Ask him who he perceives as the major players in this market and he names his own company, as well as Dell, Compaq and Hewlett-Packard. Then there are the smaller specialists, such as F5 and Cacheflow. But Keep believes consolidation in the market will continue, warning that the big players in appliances will be those which are already strong in the general purpose server market.

One company which may not be in agreement with Sun or IBM over appliance servers is HP. At least, it's not what you'd expect from a vendor which has just announced "one of the broadest ranges of server appliances in the industry designed to meet the needs of service providers and enterprise customers".

Last month, the vendor unveiled 18 HP-branded products - the distinction is important because a number of the products are Intel's NetStructure appliance server line, which HP struck an OEM deal to sell in December last year. The products cover a number of areas, including caching, Web hosting, network and traffic management.

All part of a cunning plan?
Intel was forced into a rethink of its NetStructure server appliance strategy because it was in danger of competing against its traditional server processor customers like Compaq, Dell and IBM.

To avoid the charge of conflict, it decided to adopt an OEM approach instead. Following the announcement of its change in strategy, John Humphreys, an analyst in IDC's Commercial Systems and Servers research programme said. Intel would be able to exploit one "of the broadest product lines of Internet infrastructure hardware while taking a role as a developer and manufacturer of appliance technologies".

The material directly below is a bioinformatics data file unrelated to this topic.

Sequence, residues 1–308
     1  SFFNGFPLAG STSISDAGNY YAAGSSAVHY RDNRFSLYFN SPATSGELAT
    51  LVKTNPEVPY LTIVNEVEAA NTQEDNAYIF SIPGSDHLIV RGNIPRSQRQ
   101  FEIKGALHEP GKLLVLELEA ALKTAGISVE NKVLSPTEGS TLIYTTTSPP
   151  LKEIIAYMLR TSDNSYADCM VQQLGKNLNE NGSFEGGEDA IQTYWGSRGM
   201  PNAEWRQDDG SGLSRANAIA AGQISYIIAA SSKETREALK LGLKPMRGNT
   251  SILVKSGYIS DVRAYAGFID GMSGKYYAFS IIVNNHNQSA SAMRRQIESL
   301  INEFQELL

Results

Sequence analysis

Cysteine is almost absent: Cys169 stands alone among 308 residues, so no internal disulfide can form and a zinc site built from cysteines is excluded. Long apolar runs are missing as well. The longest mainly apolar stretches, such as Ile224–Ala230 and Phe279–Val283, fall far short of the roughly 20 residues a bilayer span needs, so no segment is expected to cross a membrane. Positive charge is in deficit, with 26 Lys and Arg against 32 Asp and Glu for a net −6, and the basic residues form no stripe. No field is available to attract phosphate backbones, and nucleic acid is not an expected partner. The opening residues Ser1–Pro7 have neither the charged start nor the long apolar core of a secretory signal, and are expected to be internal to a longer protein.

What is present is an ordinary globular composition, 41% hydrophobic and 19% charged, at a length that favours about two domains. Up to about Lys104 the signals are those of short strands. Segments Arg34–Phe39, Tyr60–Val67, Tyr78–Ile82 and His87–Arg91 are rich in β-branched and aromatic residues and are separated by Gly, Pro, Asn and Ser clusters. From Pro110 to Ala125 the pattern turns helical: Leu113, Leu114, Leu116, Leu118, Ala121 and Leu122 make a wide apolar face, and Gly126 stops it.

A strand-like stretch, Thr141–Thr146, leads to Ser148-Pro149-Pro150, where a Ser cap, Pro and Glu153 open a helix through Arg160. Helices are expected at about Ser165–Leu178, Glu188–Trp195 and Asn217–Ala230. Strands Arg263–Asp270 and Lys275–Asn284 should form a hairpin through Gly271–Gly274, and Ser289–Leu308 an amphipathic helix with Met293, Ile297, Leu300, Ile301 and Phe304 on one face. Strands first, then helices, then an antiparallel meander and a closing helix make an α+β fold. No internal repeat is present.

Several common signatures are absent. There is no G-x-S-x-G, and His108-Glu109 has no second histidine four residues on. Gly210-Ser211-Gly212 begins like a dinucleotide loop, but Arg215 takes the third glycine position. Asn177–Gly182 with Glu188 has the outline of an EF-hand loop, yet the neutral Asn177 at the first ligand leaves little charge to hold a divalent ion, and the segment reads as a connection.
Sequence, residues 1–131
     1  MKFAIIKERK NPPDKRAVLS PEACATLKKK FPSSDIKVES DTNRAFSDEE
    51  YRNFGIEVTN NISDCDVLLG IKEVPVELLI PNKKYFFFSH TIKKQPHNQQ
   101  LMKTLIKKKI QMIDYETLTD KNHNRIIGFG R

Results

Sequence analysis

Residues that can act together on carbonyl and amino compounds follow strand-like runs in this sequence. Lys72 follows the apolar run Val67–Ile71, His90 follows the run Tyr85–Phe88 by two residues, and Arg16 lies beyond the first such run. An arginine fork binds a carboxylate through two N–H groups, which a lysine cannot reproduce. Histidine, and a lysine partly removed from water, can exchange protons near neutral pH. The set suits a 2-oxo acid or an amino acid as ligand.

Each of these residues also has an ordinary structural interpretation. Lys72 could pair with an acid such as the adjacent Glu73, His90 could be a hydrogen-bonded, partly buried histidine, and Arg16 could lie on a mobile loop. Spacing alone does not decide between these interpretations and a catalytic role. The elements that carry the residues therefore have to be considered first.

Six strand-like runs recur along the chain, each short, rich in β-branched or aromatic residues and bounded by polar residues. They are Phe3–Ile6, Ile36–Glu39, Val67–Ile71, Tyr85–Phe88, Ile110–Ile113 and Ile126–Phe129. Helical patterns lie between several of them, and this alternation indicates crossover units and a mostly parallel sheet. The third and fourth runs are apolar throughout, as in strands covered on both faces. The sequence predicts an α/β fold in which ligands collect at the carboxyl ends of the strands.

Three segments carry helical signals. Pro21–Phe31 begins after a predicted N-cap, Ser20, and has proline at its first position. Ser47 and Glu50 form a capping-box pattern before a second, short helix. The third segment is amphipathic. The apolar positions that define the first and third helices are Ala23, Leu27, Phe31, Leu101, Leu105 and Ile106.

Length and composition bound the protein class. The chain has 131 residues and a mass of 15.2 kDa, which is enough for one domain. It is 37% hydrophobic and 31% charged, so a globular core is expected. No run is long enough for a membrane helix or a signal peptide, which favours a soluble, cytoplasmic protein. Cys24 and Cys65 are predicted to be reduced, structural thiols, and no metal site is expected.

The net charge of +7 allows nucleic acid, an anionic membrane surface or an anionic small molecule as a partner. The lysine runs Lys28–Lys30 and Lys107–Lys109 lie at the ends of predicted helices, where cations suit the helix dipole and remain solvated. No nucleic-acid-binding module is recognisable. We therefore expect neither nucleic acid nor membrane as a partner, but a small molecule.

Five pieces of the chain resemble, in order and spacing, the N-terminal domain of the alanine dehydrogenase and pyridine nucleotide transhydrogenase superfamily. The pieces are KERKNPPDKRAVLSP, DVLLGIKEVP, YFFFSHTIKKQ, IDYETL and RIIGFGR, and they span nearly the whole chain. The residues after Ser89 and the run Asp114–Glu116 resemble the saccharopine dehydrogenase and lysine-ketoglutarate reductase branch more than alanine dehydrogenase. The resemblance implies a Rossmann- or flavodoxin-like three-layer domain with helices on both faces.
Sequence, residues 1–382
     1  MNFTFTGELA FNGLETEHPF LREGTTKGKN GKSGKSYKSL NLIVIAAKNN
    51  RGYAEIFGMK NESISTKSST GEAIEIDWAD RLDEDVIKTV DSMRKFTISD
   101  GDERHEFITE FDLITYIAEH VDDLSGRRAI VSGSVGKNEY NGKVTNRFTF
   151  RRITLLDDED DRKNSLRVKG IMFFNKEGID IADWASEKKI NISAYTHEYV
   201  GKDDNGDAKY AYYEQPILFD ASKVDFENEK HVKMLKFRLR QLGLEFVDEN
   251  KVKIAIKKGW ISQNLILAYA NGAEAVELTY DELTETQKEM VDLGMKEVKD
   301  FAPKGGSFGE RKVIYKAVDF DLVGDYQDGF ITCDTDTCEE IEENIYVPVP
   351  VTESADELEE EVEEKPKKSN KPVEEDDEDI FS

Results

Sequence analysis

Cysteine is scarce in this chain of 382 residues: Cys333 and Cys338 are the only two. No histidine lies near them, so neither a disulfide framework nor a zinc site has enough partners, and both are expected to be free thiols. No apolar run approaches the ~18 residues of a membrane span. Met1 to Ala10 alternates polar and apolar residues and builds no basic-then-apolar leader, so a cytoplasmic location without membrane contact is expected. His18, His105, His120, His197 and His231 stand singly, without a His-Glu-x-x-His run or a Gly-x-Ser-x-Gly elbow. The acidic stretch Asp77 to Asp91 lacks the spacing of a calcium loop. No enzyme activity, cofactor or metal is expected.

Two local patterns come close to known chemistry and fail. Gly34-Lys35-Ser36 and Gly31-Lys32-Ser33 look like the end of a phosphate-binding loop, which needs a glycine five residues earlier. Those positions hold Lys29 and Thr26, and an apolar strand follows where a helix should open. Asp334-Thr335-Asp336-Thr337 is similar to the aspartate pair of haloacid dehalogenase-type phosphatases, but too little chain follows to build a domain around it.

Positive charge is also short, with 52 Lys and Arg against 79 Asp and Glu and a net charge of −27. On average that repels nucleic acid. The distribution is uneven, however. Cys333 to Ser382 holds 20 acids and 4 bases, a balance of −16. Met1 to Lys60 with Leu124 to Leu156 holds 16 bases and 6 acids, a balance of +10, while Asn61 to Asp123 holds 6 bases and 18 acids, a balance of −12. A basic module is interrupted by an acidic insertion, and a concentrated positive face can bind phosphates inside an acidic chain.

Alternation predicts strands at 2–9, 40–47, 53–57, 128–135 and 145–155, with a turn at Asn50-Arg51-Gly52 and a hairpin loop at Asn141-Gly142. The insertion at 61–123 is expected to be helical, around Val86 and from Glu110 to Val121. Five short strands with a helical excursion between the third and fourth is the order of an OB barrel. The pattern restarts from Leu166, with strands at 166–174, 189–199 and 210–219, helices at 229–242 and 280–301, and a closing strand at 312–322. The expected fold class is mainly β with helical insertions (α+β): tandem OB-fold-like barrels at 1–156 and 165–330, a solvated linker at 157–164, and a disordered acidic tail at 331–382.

In a press release issued in December, Humphreys argued Intel may have been planning to make the switch all along after increasing industry awareness of the appliance market to increase adoption.

"Intel's direct customer sales approach in the appliance market was short and sweet," he said. "Its direct participation in the market focused attention on the space and brought about a lot more competition which, in turn, has put pressure on server and networking companies to bring additional appliance products to market. This strategy to bring attention to this market was almost certainly always in Intel's plan." If so, it worked.

Just how important Intel's products are to HP was demonstrated by the presence of Richard Lissenden, European marketing manager for Intel's communications products group, in the press release accompanying the announcement." Under this agreement, HP's extensive NetServer offering will be complemented by Intel's NetStructure technology to deliver one of the broadest server appliance offerings in Europe," he said.

Alberto Bozzo, operations manager for HP's NetServer business in Europe, was also bullish: "This new server appliance offering complements a series of partnerships with best-in-class vendors equally committed towards the service provider sector in Europe," he declared.


Billy MacInnes